Pathology and Diagnosis

Very few specimens were obtained for histological study. In three adequately preserved liver specimens available, fatty changes and necrosis of hepatocytes and Kupffer cells were noted, necrosis being of the focal type, distributed throughout the liver lobules. Intact cells with hyalinized cytoplasm and ghostlike nuclei (Councilman bodies of yellow fever fame) were seen, as were large amounts of karyorrhectic debris. Inflammatory changes were minimal in the liver and other organs.

Comparisons were made with Marburg disease, for which there was a large amount of pathological material available, both from human beings and from experimental animals. Here, in addition to the focal necrotic centers in the liver, was evidence of hemorrhagic diathesis in many organs and of panencephalitis in the brain, with glial nodule formation, perivascular lymphocyte cuffing, and interstitial edema.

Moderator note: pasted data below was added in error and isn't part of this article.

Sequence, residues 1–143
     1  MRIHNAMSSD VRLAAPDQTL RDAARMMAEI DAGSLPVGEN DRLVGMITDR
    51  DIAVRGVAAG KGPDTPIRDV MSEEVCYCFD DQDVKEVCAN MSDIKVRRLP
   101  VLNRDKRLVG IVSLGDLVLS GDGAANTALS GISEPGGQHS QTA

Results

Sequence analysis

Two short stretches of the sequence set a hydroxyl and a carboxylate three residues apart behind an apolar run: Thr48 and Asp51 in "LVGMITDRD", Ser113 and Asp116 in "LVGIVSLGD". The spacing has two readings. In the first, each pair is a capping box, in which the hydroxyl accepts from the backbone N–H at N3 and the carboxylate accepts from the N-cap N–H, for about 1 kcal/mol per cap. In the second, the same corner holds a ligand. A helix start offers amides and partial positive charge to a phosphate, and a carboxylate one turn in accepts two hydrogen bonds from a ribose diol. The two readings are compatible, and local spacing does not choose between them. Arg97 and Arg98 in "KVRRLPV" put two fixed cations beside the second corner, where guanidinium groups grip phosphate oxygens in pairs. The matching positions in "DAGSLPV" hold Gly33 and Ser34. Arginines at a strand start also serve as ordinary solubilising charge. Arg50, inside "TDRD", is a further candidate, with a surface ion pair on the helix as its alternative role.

Several pathologists deemed the differential diagnosis of Ebola infection to be extremely difficult in settings where there might be malaria, Lassa fever, Marburg disease, yellow fever, Congo-Crimean hemorrhagic fever, typhoid fever, infectious hepatitis, leptospirosis, brucellosis, and other fevers. Some other pathologists felt the lesions observed to be adequately specific to permit an Ebola diagnosis.

Clinical pathological data are extremely limited. A few white blood cell counts were normal to slightly elevated. No differential counts were made. Proteinuria occurred frequently.

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